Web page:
Last week, Geoff and I went on a road trip last week to Vancouver for the Comdex/PacRim conference. Frankly, the trip was more an excuse to go to Vancouver (a three hour drive) with our friend Cary Lu and a friend of his, David Coder. Nevertheless, the show proved interesting in a few ways that I thought I’d share. The PC industry is tremendously fragmented. As much as I may complain that the Macintosh industry has become rife with niche markets and products only a professional could love, the PC market is an order of magnitude more complex. That’s appropriate, I suppose.
Probably the most interesting work being done in the PC hardware world is with laptops, with everyone and their corporate brother showing PC laptops with interesting and unique features. Despite the number of different PC laptops we looked at, none (in our eyes) beat the PowerBooks. Pointing devices in PC laptops still universally stink, and even an Epson laptop that used a trackpad was brought down by abysmal buttons and the fact that it wouldn’t work with just your fingertip: you had to lay your entire first finger joint on the pad for it to recognize your presence. I’m not too fond of the little joystick device IBM uses for its ThinkPads (and I far prefer Apple’s palmrest design for the keyboard), but otherwise, the ThinkPads were extremely nicely designed.
Every show has an undercurrent, and to give you an idea of the flavor of this one, the whispers we overheard dealt not with a cool new product or service, but with the fact that Robin Williams (the actor – you know, Mork), was present on the floor, just walking around like a normal person. Geoff was taken with a Dixieland trio playing at the Digital booth (we considered asking them for an evaluation copy of a DEC Alpha). After seeing PCMCIA cards for every function you could imagine, I decided the ultimate absurd peripheral would be a PCMCIA-based UPS (Uninterruptible Power Supply), perhaps autographed by both Robin Williams the actor and Robin Williams the author.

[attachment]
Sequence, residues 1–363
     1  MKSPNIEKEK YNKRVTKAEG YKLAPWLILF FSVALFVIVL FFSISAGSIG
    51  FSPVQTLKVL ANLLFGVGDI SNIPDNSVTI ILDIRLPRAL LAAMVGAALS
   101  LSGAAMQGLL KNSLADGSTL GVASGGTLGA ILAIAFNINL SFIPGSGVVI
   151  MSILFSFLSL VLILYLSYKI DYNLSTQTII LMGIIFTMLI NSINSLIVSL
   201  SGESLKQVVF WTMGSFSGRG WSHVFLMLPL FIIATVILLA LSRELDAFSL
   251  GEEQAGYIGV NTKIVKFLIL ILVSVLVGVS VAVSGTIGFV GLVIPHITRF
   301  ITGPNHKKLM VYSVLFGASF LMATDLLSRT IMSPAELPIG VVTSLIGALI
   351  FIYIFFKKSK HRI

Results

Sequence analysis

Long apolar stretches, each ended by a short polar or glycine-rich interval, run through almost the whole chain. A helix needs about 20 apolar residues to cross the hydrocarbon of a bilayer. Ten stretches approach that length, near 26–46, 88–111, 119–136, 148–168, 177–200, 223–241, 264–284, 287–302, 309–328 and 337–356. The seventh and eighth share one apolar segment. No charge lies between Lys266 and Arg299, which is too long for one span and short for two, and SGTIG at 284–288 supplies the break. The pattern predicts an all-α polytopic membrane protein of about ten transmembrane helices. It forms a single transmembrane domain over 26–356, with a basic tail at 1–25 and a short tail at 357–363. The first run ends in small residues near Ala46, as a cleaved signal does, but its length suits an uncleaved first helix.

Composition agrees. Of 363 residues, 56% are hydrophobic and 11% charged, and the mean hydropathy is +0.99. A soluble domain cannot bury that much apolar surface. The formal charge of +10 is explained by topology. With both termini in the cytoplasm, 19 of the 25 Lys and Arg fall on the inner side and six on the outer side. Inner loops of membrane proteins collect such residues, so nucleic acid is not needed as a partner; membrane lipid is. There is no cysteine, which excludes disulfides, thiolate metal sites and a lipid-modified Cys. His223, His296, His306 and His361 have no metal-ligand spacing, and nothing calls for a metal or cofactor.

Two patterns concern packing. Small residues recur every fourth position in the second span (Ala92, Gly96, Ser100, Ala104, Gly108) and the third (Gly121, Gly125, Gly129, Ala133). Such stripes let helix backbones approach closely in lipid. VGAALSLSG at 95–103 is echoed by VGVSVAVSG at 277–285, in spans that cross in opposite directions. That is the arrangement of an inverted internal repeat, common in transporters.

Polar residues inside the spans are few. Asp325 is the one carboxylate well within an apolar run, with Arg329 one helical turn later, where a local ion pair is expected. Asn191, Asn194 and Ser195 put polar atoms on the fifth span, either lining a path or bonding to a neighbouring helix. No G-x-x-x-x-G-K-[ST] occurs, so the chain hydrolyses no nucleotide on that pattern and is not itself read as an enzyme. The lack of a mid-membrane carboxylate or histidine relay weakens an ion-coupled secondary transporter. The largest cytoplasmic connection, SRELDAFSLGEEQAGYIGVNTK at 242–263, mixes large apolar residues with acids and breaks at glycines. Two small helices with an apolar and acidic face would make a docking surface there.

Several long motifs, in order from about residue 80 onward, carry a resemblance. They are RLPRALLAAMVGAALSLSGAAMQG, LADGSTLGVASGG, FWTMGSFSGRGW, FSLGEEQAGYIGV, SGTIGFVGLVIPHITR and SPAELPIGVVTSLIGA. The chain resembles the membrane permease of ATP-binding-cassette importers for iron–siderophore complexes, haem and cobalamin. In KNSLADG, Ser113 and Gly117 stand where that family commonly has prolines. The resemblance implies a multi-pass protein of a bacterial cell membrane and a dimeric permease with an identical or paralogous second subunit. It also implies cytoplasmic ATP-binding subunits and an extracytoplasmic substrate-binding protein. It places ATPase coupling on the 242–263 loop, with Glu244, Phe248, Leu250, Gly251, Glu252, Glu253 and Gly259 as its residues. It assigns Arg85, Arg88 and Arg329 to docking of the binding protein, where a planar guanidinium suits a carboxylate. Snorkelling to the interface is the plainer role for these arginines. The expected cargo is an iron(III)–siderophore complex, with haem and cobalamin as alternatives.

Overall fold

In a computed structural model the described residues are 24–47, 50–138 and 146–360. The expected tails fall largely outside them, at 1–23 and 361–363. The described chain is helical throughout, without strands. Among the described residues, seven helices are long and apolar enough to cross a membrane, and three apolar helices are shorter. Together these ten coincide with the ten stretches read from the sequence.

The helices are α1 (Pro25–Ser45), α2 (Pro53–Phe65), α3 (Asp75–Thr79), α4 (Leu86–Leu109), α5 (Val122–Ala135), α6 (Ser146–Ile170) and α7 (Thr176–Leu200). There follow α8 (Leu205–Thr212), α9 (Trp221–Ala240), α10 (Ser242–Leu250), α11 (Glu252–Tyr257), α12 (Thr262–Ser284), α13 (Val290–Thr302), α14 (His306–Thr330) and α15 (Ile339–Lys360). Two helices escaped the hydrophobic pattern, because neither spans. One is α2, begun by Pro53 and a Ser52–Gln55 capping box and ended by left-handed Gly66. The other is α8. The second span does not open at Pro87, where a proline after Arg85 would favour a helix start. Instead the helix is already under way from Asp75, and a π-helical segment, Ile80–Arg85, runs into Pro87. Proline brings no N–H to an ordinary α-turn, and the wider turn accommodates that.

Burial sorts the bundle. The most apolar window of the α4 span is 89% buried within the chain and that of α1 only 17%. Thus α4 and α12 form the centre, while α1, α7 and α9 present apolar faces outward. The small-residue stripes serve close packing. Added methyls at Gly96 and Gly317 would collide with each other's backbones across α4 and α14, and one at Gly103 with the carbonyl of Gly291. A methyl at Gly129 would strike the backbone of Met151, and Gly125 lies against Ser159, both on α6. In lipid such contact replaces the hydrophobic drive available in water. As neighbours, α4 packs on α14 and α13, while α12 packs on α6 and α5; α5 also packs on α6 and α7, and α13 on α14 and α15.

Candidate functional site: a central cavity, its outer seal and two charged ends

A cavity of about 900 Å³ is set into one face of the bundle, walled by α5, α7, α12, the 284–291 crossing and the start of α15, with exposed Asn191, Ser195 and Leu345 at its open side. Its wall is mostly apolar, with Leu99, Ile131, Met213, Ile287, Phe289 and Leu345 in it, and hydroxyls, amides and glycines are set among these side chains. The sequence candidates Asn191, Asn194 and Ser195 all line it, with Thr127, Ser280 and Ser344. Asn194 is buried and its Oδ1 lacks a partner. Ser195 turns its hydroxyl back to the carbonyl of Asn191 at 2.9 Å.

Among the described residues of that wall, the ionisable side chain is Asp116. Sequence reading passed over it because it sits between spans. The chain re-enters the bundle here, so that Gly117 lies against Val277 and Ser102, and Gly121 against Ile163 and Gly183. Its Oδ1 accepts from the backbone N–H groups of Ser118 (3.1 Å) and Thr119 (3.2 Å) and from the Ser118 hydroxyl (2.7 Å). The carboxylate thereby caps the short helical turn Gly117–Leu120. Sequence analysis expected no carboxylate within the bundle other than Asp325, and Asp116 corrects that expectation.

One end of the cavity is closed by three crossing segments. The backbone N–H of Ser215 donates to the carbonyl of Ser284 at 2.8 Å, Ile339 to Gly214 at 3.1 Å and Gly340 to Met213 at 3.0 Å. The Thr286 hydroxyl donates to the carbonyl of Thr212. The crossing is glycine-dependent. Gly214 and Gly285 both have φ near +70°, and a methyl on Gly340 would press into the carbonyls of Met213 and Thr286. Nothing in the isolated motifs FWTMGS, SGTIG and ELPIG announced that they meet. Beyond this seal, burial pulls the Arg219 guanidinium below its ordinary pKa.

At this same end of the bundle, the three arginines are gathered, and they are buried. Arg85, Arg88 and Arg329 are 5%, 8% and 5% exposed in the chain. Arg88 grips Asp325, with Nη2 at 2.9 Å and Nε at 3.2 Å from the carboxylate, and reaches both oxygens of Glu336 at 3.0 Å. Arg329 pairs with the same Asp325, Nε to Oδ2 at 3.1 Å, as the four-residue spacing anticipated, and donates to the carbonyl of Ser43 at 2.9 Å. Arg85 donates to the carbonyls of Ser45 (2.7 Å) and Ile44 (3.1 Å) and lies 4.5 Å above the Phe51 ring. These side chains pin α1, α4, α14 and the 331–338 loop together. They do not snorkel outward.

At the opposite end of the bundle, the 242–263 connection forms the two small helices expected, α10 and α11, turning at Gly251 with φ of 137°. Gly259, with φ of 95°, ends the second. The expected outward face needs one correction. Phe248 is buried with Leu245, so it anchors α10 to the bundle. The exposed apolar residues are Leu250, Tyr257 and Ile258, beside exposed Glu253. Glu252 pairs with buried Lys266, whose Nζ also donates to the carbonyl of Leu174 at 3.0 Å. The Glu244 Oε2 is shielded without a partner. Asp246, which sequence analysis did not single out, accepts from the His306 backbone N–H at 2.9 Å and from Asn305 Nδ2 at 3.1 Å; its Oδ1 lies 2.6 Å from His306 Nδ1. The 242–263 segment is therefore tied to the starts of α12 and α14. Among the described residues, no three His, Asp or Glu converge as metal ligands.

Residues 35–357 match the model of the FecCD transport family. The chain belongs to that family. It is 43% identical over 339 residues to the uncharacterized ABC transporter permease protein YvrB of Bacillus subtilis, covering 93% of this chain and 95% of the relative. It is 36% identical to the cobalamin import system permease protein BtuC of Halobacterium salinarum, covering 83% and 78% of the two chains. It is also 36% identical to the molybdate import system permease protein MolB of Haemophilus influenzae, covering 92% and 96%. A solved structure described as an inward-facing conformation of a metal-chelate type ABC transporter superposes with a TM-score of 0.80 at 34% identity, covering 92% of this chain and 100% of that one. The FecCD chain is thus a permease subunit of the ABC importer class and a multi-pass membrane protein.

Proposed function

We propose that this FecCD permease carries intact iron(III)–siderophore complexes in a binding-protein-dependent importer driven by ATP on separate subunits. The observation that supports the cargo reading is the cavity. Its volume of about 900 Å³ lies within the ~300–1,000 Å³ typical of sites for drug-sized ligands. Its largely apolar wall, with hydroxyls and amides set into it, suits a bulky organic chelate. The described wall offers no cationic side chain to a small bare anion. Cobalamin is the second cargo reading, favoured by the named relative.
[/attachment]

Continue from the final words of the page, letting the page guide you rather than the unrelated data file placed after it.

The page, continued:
Comdex/PacRim was definitely a Windows show. We were accosted by a nice woman at the Claris booth who wanted to give us entries for winning a copy of FileMaker Pro if we watched the demo, at which point we asked, "Mac or Windows version?" She was taken aback and said, "This is a Windows show," a bit huffily, to which we replied, "Yeah, so?" Despite the Windows emphasis, Apple’s booth was heavily trafficked, and judging by the informal surveys of the audience during demos, plenty of Mac users were present. Apple had a specific station dedicated to Macintosh Internet usage, and the Apple Canada guy there definitely knew his stuff.
Internet wannabes were out in full force, as they were at Macworld, and we decided that if a product has anything to do with networking, the word "Internet" will appear in its description. Similarly, if a piece of software isn’t entirely text-based, "multimedia" appears as if by magic in the description, and any game or program using animated graphics is now described as using "virtual reality." Now, I suppose, we only have to wait until some product’s description wins the gold ring by incorporating all three buzzwords. Right now, the closest product I can think of in those terms is Outland’s Internet-based game network, which has plenty of non-text games for the "multimedia" tag, but doesn’t quite yet have the level of animated graphics necessary to claim "virtual reality." Besides, the Outland folks are good Internet citizens and wouldn’t stoop to such tactics.